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In the United States, Black people’s hair has been a source of contention, punishment, and immense pride. For years, in an attempt to conform to Eurocentric standards of beauty and professionalism, Black women have sought to straighten their natural kinks and curls. In fact, according to a recent survey by Dove, Black women are 80% more likely to modify their hair in response to workplace norms. This intense focus on taming ‘unruly’ hair is, in large part, how Black hair care mogul Madam C.J. Walker became the first self-made American woman millionaire in the early 1900s.

In the 1960s and ’70s, Black people began to rebel against this pressure to conform, and bold natural hairstyles like afros and cornrows became popular. Yet in the year 2020, schools and employers continue to police Black hair. Last year, California became the first state to pass legislation banning employer and school discrimination against Black children and adults who wear their hair in natural styles, and several other states have followed their lead.

In this photo essay, several faculty, students, and staff members share their thoughts, feelings, and experiences of their natural hair journey.

Photos by Christina S. Murrey, Editorial by M. Yvonne Taylor

Professor, Director of Teacher Education Allison Skerrett

“Wearing my hair in its natural state has allowed it to truly flourish and be as beautiful as it was intended to be. When we break free from historical and contemporary narratives about what counts as beauty, we’re able to present compelling images of the beauty of Black women, created just as we are. My hair is now one of my most self-loved features, and I can tell from others’ responses to it—people from all races, cultures, and backgrounds—that they appreciate being educated about the beauty of Black hair and Black women.”

Professor, Associate Dean of Equity, Community Engagement and Outreach Richard Reddick

“I have grown locs twice, the first time when I was a new professional in student affairs in California. Locs are family common now, but in the late 1990s they were fairly unique. Not only that, there are a lot of misconceptions about locs—some people think you can’t wash them (false), or it means that you’re a Rastafarian (false), or that you smoke weed (???). So when I started growing locs, the director of housing at Cal Poly (where I worked) was a Black man, Preston Allen. Preston was great to talk to about what challenges I might face. Essentially, he told me that as a Black man in the field, I was going to navigate racism and ignorance in my career regardless—so I might as well be comfortable and express myself. I also had very supportive supervisors—White women—who appreciated the cultural expression. So by the time my hair became loc’ed, I had been in a fairly progressive work environment—people had always known me as someone with locs. When I went to grad school, I had locs until towards the end of my doctorate. I just cut them because it was time consuming to manage, so when I started at UT in 2007 I had a natural (afro).”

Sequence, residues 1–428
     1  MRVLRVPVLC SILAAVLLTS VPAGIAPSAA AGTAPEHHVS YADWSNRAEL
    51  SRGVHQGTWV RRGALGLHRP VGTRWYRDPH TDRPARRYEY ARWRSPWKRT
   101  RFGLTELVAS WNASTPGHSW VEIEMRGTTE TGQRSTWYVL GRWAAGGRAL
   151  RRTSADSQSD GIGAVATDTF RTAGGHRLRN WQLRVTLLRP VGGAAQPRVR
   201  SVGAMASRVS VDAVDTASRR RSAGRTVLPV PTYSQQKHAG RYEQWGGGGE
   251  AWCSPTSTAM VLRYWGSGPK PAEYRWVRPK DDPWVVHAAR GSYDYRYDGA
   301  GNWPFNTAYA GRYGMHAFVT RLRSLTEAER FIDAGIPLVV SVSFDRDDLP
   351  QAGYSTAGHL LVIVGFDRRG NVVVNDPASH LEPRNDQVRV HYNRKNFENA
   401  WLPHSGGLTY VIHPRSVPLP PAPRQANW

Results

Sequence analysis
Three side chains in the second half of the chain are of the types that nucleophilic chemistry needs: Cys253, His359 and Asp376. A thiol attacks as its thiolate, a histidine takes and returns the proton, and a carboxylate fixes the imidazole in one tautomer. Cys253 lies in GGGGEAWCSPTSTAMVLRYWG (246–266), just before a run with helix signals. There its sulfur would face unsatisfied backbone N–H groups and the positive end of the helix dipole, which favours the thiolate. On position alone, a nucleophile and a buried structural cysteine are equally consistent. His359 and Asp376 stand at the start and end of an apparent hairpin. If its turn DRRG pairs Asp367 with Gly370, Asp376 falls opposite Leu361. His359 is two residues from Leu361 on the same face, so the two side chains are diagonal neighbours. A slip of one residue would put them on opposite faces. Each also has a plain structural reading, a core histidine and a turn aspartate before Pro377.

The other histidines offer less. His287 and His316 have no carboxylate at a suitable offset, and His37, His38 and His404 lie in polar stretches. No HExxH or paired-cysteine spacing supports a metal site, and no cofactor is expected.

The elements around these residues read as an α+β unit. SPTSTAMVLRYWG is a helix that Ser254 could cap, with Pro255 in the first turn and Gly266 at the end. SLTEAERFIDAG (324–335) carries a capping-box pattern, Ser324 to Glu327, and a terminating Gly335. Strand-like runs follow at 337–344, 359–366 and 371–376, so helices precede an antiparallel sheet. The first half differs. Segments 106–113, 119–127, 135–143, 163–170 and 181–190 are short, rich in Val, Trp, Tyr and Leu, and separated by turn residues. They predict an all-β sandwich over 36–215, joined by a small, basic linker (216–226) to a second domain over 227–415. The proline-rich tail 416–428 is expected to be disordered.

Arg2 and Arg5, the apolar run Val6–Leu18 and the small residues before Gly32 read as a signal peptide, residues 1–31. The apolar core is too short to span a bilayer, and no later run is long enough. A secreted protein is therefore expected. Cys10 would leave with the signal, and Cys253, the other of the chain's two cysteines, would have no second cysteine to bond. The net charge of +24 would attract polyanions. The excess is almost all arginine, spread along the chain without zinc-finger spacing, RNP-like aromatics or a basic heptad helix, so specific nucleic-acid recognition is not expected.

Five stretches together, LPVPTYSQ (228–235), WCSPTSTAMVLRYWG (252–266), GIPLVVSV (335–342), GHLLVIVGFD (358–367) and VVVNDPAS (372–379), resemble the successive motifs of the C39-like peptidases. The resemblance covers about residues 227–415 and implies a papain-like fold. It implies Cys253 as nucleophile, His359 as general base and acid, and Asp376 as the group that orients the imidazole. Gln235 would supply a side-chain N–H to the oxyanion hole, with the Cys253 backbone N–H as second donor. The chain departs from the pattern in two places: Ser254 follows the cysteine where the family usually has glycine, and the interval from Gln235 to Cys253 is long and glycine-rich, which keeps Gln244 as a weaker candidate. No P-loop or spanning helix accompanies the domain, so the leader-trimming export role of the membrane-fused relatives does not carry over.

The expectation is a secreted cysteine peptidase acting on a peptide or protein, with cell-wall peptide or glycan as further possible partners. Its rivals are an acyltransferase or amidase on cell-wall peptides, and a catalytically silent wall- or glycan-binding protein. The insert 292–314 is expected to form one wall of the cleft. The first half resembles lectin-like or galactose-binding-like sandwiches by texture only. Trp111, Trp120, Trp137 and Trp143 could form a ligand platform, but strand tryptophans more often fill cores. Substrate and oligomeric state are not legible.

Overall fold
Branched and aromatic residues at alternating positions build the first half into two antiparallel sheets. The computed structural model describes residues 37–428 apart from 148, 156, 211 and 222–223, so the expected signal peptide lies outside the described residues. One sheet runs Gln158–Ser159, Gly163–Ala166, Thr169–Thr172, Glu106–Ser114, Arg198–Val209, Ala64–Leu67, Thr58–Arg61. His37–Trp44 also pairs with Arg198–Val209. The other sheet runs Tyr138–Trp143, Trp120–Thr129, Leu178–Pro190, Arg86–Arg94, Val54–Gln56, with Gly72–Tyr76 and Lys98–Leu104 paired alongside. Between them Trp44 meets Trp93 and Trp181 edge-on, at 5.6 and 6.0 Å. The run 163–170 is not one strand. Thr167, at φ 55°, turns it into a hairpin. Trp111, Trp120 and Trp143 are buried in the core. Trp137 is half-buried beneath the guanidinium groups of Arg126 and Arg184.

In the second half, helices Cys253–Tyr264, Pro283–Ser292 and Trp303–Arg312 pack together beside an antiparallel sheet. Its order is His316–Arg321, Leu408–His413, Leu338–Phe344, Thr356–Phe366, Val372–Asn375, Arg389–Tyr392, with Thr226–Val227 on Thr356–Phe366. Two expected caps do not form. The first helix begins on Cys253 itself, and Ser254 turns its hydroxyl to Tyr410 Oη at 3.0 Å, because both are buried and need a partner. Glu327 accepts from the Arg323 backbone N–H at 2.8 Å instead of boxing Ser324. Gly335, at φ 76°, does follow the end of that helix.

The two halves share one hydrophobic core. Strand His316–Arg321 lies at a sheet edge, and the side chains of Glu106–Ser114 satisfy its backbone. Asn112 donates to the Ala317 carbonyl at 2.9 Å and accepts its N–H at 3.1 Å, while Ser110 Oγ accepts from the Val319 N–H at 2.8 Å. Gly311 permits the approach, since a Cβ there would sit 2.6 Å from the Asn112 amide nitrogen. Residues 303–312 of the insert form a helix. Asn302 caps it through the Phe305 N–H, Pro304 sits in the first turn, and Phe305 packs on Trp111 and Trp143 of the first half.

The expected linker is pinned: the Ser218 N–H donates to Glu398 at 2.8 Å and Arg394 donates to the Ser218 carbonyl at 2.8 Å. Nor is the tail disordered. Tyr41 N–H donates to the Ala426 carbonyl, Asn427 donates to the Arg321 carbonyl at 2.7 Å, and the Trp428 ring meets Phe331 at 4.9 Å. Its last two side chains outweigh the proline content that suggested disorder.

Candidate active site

Doctoral Student Tiffany Hughes

“When I first decided to grow wear my hair naturally (in college), I received lots of questions, side-eyes, and pushback from older people in my community. They were concerned that I wouldn’t be viewed as professional if I wore my hair in a curly fro, and were often concerned about what I was going to ‘do’ with my hair. Initially, out of fear of rejection, I would attempt sleeker hairstyles when interviewing for jobs, hoping to keep my natural hair inconspicuous. But, as I age and continue to grow more comfortable and confident in myself, I recognize that my hairstyle has no bearing on my ability to do the work. And truly, if a potential employer has an issue with my hair, that institution really is not going to be a good fit for me. So I embrace my hair, and now use it as kind of a litmus test.”

Professor, Director of the Institute for Urban Policy Research and Analysis Kevin Cokley

“The first message actually came from my mother. She was concerned about how my colleagues (white folks) would respond to me being a new professor. She asked me if I was ‘allowed’ to wear my hair that way. For additional context, when you start locs you go through a period of looking ‘rough,’ with little twists on your hair that refuse to lie down neatly! I have often wondered how far I can advance professionally wearing locs. I hope that my professional accomplishments, rather than my looks, will be the ultimate determinant of my professional advancements.”

Assistant Professor of Practice Ericka Roland

“[Wearing my natural hair] means being free to express myself on my own terms.  I never received the message that wearing my hair natural would be a risk or unprofessional because it has always been a conversation in Black women groups I’ve been a part of that challenge such narrative. It makes me feel free and powerful because it is a signal of me standing in my Black womanness!”

Senior Student Program Coordinator and Alumnus Charles Gee

“No one has never out right told me that it was unprofessional, but often I get looks of disapproval and curiosity. My hair or hair color doesn’t dictate how I support students on campus. It’s good to show our ‘human’ side with the students we interact with because many of them, particularly students of color, need to know that there is no singular look to professionalism. During undergrad, I recall seeing an older white woman who used to work in the Main Building with really long salt and pepper hair but would always have highlighted tips – hot pink, orange, neon green. I made the assumption that she was someone with power and thought, ‘Well if she can do it, I can do it too!’ It feels great to have fun with my hair and let it grow into its own thing. I get to watch it cooperate when it wants to and have a mind of its on. It’s wild to see what a bonnet or a satin pillow case will do.”

Professor Keffrelyn Brown and daughter Kythe Brown